Video conferencing platform use has skyrocketed as people turn to remote work and e-learning, and Zoom has witnessed a tremendous surge in popularity. This popularity, though, has brought increased scrutiny that has revealed several issues with the platform and prompted big tech companies to ban the use of Zoom for business purposes.
We have written about fake Zoom applications floating outside the Google Play Store, and we were wondering if these binaries ever make it onto the devices of real victims. This led us to an important question: where do people download the Zoom client when they are about to start a meeting for the first time?
The answer should be straightforward: from the official site or Google Play. The official Zoom page even suggests a download of the Android version from Google Play.
The link takes you to the official Google Play page. However, our telemetry data shows something bizarre. People are not downloading Zoom from Google Play.
Starting January 1st this year, we have identified over 100,000 out of 750,000 cases where people have downloaded the Zoom application from places other than Google Play. That is, over 10% of users are risking their safety by downloading Zoom binaries from unofficial sources.
We bet China came to mind, didn’t it?
This is alarming. And it’s not restricted to a remote corner of the world – it’s a widespread phenomenon. As demonstrated in our previous blog post, malware authors do take advantage of this.
We can only extrapolate from this that people are confused as to where to download Zoom, so they resort to Google searches which might take them to third-party markets or other unofficial (read risky and questionable) distribution points.
So, how can we know whether an APK is installed from a third-party or from a sanctioned market? The answer is simple: we look at the file paths of specific scanned binaries that have the fingerprints of known Zoom APK versions. A simple query in our threat intelligence repository shows the following file paths and binary occurrences for official Zoom binaries.
|Zoom download path||Download count|
As expected, the vast majority of these binaries are generically saved to the Download folder. Other custom downloader software usually have their own dedicated download folders, as do Google Chrome (/Android/data/com.android.chrome/files/Download/zoom.apk ) and UC Browser (/UCDownloads/zoom.apk).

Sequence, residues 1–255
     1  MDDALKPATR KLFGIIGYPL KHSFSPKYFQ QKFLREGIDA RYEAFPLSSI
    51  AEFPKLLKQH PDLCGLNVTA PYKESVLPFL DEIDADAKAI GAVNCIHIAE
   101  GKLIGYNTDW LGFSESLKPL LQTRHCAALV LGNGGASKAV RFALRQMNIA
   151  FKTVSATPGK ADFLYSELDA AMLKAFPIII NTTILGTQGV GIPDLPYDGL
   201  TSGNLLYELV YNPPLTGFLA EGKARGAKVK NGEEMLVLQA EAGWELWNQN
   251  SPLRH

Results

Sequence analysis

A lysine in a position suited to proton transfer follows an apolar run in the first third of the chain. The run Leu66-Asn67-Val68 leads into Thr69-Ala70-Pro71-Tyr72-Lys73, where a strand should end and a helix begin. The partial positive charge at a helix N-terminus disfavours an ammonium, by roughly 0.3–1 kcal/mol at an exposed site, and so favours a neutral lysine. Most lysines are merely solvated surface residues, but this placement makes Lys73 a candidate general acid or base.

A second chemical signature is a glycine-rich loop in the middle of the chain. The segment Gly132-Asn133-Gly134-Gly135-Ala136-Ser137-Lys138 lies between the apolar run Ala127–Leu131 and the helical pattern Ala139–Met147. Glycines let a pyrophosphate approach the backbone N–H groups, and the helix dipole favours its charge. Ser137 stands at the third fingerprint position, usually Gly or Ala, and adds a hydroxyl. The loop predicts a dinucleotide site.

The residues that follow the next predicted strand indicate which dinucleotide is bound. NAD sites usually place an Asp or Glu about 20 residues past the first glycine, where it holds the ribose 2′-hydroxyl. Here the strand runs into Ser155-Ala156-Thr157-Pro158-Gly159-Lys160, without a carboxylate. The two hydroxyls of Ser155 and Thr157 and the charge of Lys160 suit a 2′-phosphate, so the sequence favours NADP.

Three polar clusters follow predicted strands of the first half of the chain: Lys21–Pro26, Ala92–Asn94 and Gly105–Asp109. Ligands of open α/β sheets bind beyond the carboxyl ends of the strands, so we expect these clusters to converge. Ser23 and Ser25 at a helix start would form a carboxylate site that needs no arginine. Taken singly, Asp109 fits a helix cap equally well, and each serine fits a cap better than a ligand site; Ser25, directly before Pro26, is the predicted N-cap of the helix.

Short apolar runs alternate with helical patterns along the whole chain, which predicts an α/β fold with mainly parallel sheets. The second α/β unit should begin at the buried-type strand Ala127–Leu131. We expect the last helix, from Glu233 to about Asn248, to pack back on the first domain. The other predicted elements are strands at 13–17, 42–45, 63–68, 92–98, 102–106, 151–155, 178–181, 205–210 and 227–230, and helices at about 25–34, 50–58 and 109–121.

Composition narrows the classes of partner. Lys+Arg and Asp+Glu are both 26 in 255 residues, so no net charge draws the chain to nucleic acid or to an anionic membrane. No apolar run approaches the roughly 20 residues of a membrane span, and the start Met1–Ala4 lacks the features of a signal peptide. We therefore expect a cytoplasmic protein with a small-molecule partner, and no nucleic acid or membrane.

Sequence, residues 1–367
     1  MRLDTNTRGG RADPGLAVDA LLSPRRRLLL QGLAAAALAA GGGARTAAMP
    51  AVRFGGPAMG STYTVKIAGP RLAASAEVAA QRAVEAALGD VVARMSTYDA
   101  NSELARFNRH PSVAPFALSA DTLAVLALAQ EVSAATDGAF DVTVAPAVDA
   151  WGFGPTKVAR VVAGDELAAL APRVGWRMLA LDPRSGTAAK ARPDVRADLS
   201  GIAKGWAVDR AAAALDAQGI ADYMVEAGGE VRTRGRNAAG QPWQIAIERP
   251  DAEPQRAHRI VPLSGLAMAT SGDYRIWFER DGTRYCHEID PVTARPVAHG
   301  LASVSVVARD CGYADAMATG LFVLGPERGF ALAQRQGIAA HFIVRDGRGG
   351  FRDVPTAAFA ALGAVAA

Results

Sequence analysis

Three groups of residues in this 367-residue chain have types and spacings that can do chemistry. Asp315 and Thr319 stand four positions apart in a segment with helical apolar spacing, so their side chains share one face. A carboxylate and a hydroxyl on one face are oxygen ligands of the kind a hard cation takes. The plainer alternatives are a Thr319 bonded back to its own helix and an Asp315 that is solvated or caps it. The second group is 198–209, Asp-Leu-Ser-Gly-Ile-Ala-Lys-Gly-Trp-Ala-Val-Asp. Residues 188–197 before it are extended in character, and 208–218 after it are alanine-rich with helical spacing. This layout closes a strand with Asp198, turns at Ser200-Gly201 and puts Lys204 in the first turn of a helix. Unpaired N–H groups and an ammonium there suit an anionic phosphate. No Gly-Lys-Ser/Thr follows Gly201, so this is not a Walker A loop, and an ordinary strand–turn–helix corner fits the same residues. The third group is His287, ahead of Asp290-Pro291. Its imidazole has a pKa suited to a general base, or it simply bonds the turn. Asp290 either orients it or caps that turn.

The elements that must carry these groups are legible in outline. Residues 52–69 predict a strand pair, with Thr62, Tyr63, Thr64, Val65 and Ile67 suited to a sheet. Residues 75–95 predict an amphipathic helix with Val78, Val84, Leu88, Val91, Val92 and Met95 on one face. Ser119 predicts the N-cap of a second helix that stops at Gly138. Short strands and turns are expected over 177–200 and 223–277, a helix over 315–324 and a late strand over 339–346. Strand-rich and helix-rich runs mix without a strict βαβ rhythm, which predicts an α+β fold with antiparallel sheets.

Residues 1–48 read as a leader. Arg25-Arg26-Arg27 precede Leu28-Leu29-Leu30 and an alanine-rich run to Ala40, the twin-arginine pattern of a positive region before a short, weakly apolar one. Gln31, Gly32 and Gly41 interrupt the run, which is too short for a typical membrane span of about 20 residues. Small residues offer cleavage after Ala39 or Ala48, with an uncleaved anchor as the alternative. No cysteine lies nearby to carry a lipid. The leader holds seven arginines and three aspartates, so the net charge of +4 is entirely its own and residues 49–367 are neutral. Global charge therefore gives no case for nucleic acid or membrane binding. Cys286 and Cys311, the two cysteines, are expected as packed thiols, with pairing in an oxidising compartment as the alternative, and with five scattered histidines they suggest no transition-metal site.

This situation brings another important observation. As shown in the maps above, this behavior is not isolated to China, where sideloading is normal. This is a global phenomenon, confirmed in North America, South America and Europe. Users who cannot access Google Play to download Zoom seem to resort to third-party markets such as aptoide.
I happen to have a spare Zoom installer just lying around here somewhere
Zoom installers don’t just get downloaded via search. They’re also passed along via WhatsApp, SHAREit or Verizon’s content transfer application. This behavior is seen even in business or enterprise environments, where Zoom installers are passed from employee to employee via WhatsApp Business.
|X-Transfer – Share/Backup Files/Contacts/SMS/Calls||/Documents/X-Transfer/385395/1584429256/Apps/Zoom.apk|
|WhatsApp Messenger||/WhatsApp/Media/WhatsApp Documents/zoom.apk|
|/WhatsApp Business/Media/WhatsApp Business Documents/Private/zoom.apk|
|SHAREit – Transfer & Share||/SHAREit/apps/Zoom.apk|
|Verizon Content Transfer||/Download/vztransfer/apps/Zoom.apk|
If you’re paranoid about cyber-security, you probably realize how bad this “pass me the Zoom app” looks. One does not usually say “Pass me that Zoom installer, would you? I have a meeting in a few and I don’t know where to get it”.
Acquiring the Zoom installer this way leaves users even more vulnerable to being manipulated into installing tainted Zoom APK files that have Remote Access Trojan functionality.
Stay safe and install Android apps from official sources only. Always install a security solution on your Android device.